02/11/2010, 09:14 PM
A commenter on Engadget with some really good points: Adobe: Flash 10.1 will require 'some enhancements to existing versions of Android' - Engadget
"Hello! Yes, of course there are some good uses for Flash at the moment - it's the de facto standard for active content - but, if the main justification that the developers themselves can come up with (in their own video) is that you get all the banner adverts displayed correctly on NatGeo (while sucking the hell out of your battery) then it's tough to see much of a point to it in the long run from our point of view.
What can Flash do that can't be done with a combination of native apps for games / tricky stuff and web / video standards for the rest? All decent mobile platforms already support that approach.
I say this because I was a used to argue big time against friends who recommended Firefox to me back in its early days, claiming to them that IE6 was much better for displaying all that day's websites, but who realised the errors of his ways.
In 2002, I found that IE6 correctly displayed 100% of the websites I visited whereas Firefox failed to render around half of them correctly, despite adhering to all the latest open standards. So, no matter the technical benefits of the "superior" technology, I was losing out as a user!!
But, in the long run, the problem wasn't Firefox... it was IE6. Content providers realised that they were being held back by IE and to support new, open web standards was the only way to go. Eventually they started seeing IE6 as holding them back massively and now we're in a world where the open browser engines are clearly ahead in performance and capability and support 99.999% of websites. Now even Google see IE6 as a liability and are dropping support for it.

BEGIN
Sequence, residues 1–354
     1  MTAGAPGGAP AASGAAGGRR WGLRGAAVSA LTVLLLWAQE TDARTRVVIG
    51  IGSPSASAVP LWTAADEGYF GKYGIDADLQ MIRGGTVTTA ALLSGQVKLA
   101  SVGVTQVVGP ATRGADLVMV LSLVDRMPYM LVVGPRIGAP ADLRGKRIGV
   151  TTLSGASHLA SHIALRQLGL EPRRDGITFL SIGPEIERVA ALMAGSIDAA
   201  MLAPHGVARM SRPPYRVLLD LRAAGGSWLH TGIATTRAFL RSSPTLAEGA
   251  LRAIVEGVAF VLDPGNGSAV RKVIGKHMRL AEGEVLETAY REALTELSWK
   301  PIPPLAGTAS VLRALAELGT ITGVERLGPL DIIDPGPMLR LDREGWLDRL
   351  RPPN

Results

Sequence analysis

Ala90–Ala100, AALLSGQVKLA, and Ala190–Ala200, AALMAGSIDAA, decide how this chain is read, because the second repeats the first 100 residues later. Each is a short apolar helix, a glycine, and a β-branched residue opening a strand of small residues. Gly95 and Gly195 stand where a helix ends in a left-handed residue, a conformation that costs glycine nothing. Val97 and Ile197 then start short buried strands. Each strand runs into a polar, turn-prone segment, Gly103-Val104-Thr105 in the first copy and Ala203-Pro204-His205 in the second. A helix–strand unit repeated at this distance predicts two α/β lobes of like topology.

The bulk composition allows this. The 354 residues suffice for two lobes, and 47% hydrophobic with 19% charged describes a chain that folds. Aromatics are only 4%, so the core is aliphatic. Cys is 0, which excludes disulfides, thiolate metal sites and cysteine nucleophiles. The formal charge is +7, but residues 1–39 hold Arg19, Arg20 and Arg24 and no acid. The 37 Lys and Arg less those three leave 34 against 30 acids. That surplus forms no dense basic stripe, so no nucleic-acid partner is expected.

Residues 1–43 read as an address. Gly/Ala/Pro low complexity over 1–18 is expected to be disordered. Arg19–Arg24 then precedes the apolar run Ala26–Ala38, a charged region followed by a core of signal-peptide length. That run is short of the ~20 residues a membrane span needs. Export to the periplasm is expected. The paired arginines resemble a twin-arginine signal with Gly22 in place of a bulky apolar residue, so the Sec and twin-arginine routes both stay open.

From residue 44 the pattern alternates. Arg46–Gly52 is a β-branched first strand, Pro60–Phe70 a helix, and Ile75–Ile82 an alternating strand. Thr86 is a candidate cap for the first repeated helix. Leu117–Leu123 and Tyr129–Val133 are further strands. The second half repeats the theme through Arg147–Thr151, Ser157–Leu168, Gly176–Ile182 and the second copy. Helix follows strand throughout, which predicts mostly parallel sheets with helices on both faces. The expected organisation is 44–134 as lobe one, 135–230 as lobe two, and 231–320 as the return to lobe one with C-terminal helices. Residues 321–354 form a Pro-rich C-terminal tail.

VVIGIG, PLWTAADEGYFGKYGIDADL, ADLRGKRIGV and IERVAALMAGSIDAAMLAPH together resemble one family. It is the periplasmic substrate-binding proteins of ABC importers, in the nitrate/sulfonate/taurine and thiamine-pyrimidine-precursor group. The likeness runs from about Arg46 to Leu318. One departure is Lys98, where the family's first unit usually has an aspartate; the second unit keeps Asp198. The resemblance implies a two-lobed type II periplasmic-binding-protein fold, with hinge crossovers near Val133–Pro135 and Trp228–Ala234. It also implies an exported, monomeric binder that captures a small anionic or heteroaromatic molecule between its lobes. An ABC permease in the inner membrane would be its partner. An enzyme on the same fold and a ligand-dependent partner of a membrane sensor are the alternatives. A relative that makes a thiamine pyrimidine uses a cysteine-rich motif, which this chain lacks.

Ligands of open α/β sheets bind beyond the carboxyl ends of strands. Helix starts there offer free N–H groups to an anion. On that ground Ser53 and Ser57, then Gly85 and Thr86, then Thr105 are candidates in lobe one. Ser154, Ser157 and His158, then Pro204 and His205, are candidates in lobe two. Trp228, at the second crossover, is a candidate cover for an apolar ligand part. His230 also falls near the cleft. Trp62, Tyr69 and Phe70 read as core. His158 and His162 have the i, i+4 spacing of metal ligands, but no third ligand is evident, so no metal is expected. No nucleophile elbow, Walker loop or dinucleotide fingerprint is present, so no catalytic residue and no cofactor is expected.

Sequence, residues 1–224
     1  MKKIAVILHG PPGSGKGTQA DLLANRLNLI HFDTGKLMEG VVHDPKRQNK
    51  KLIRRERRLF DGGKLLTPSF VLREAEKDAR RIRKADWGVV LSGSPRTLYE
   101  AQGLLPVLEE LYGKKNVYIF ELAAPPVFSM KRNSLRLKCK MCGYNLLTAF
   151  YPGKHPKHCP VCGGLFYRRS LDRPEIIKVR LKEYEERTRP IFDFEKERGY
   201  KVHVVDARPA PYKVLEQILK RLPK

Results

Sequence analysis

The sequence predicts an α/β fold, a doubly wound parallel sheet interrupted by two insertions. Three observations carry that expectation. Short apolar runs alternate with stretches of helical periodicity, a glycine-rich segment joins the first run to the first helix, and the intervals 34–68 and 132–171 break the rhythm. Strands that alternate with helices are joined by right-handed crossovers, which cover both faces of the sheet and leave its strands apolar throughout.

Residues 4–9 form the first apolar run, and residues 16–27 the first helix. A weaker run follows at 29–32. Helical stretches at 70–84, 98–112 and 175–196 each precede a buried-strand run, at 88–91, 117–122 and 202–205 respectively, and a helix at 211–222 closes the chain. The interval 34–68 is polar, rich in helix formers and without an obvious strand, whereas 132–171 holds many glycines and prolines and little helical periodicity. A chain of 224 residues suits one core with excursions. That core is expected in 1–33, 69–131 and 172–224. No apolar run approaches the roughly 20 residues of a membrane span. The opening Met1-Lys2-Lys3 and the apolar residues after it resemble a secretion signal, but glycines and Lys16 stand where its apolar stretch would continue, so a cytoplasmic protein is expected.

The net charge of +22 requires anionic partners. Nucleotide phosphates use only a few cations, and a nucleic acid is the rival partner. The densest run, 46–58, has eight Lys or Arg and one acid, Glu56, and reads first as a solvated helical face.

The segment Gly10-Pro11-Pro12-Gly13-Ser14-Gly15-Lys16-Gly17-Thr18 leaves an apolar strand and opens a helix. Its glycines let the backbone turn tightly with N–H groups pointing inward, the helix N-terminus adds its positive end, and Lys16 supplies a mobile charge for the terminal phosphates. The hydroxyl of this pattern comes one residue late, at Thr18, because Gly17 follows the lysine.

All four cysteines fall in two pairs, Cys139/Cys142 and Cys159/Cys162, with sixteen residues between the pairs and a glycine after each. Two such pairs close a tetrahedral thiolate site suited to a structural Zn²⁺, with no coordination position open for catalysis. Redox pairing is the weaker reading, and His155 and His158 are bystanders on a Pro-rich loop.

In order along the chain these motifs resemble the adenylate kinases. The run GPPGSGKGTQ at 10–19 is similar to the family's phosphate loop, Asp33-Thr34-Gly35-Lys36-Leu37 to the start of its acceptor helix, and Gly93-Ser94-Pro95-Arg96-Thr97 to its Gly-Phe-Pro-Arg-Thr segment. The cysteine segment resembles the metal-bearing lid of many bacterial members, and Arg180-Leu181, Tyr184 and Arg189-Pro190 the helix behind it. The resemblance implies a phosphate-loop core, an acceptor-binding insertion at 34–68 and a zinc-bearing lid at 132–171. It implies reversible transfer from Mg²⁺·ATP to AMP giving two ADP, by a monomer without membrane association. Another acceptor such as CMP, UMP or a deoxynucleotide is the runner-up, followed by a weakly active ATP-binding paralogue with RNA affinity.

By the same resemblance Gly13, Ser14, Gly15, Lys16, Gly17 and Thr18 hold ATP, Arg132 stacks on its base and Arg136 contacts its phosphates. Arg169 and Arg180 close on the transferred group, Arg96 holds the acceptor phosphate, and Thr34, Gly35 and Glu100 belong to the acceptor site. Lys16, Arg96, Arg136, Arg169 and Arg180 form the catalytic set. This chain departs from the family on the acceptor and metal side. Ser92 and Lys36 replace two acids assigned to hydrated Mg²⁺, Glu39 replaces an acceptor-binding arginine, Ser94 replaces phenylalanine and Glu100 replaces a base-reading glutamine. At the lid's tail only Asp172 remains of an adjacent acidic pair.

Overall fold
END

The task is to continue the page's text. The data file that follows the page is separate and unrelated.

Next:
In my mind, we're in pretty much exactly the same situation with active content - just replace IE6 with Flash. It's a legacy thing. But you can change one similarity - IE6 on the PC was a known, working entity. Flash on mobile isn't, so could be easier to displace.
For all the criticism of Apple for not supporting Flash out of principle, tell me which manufacturers _currently_ support desktop Flash 10.x on a shipping ARM platform? That's right - none of them. All the criticism is being based on Adobe's claims that Symbian / Android / WinMo will support desktop Flash as some stage in the future. But it does not exist... nobody has tried it to say it's usable or practical.
To me, Flash 10.1 on ARM is, at the moment, sheer vaporware - it's supposed to have been with us for about 6 months already and none of us have it yet.
Even when it does arrive, we now find out it will be limited to only the latest versions of Android, so Droid, X10, G1, Hero will all miss out? Clearly they can't write Flash plugins in Java / Dalvik so they've got to rely on favours from Google.... so any manufacturer who has branched away from the Google source code will now be in real trouble.
Because it's "closed", any manufacturer who wants to use Flash and doesn't just take the off-the-shelf code from Google will have to get into a massive fight with all the other people in the queue to beg Adobe to port it to their products... and then get them to keep updating it as Google move through the versions of Android at a rate of knots. Not fun.
Anyway, the pragmatist in me says "give me Flash now on all my products for compatibility, but with FlashBlock installed for battery life and performance" but, Adobe, you'd better deliver based on the hype you've produced however the long term strategist in me, having learned from IE6, says it slightly less subtley... "****** IE6, ****** flash!" "
How many of you would say flash wouldn't really be an issue if you were able to stream video from sites such as Hulu straight from the browser?